I was talking with Vicky this morning when she said something that made me stop and think. Her dog recently had puppies – four darling, soft, squeaky, cuddly little pups. Since that day, she has discovered the intoxication and addiction that new puppies bring. She said to me today “Sometimes I just stare at them and wonder how they all can be so perfect. The momma and all four pups are so different, but so absolutely perfect.”
As soon as she said this, I knew just what she meant. This phenomena is something I wonder at every time I volunteer in our church nursery. I remember holding one little girl who had alabaster skin, wispy blonde hair, perfect little rosebud lips and crystal blue eyes. She was so beautiful; so perfect. A few minutes later I put her in a baby swing to rock for a few minutes and scooped up another little one. This little girl had a rich mocha complection, dark ringlets all over her little head, perfectly shaped full lips and big brown eyes. She was so beautiful; so perfect. Across the room there was another little girl and several little boys, all of whom had a beautiful variety of features and complections. They all were perfect in their own way; every last one. Beautiful little children.
I witness this phenomena at the farm, too. Each new little baby goat is beautiful. Their long eyelashes, big curious eyes, spindly little legs and soft floppy ears work their way into my heart. Each time I see a new one I think it is more beautiful than the last. But when I compare them, I find that they are both perfect, just in their own way.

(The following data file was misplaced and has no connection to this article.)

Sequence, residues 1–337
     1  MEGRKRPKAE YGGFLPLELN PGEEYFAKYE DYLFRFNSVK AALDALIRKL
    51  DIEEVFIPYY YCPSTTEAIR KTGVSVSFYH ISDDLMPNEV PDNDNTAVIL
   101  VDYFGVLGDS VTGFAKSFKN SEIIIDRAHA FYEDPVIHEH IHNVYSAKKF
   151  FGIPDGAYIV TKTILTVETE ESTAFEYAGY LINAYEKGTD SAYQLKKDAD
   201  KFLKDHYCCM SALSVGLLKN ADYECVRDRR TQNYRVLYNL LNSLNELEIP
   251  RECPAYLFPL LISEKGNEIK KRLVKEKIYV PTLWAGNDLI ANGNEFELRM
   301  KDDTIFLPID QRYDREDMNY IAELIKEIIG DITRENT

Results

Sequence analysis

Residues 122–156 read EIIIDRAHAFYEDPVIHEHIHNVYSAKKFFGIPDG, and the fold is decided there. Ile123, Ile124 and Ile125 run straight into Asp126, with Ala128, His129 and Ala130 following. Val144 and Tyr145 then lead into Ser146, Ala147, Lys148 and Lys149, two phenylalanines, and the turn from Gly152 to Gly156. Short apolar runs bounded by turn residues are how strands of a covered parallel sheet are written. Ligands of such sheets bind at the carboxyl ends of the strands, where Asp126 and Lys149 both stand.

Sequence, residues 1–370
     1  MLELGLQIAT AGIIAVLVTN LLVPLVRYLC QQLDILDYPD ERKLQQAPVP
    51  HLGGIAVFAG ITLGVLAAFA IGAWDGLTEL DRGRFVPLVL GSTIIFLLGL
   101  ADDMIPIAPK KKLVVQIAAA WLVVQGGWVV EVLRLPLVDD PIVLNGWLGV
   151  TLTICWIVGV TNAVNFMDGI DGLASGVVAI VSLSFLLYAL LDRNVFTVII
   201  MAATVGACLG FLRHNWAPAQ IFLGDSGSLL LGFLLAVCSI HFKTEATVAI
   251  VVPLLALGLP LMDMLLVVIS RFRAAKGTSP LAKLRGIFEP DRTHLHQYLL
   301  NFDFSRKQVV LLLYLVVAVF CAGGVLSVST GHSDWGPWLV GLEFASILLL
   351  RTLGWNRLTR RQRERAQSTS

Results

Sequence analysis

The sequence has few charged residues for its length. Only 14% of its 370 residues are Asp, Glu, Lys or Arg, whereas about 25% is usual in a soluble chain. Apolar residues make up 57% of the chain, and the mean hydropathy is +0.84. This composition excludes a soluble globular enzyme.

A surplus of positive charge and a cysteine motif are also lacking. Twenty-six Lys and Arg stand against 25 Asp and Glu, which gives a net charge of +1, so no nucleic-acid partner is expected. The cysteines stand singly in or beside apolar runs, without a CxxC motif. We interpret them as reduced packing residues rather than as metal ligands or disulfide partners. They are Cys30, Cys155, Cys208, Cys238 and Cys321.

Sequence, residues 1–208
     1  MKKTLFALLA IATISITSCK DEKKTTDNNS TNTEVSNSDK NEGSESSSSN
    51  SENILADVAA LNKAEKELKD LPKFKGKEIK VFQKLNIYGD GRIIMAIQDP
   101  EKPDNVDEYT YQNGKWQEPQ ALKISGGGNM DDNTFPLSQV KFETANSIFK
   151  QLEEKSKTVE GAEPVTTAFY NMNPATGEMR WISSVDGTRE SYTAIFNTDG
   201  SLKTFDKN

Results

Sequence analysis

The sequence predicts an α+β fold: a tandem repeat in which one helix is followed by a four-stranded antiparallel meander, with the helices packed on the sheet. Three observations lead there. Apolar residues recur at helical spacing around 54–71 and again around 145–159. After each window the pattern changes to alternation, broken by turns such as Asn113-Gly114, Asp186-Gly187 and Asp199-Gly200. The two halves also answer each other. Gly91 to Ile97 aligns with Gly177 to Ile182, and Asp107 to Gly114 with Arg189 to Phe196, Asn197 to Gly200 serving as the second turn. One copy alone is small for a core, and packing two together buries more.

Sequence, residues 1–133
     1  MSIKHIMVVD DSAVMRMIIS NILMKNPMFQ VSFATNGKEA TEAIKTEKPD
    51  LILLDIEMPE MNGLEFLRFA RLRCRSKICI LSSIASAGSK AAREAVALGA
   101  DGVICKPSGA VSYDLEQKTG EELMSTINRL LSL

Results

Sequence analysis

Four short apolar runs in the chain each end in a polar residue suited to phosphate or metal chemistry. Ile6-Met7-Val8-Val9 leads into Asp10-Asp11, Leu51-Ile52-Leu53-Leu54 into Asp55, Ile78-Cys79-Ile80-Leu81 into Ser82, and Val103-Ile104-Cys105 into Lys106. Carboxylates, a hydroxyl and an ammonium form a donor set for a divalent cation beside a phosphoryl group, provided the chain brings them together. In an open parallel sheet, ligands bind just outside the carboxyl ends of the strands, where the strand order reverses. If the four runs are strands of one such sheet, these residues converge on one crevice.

Why is it that it is so easy for me to see this in babies and young animals, but I tend to forget it once they grow up? Why can’t I look at adults and see them as beautiful and perfect in their own way? When they are just little toddlers, it is so obvious to me; but as they grow I loose sight of this truth. How much more valuable would we all feel if instead of believing the popular lie that there is one “most attractive” or “most perfect“ body type, skin color, hair color etc, we would learn to see the beauty in variety.
This helps me realize how God sees me. We are His children. We are beautiful to Him. He loves our dark and light skin, our blue eyes and our brown ones. He loves that some of us are tall, and others petite. He loves that some of us have frizzy curly hair, some have stringy straight hair, and others have very little hair at all. He formed each one of us perfectly, in our own way. I think He delights in the variety. Perhaps we should work on delighting in it as well.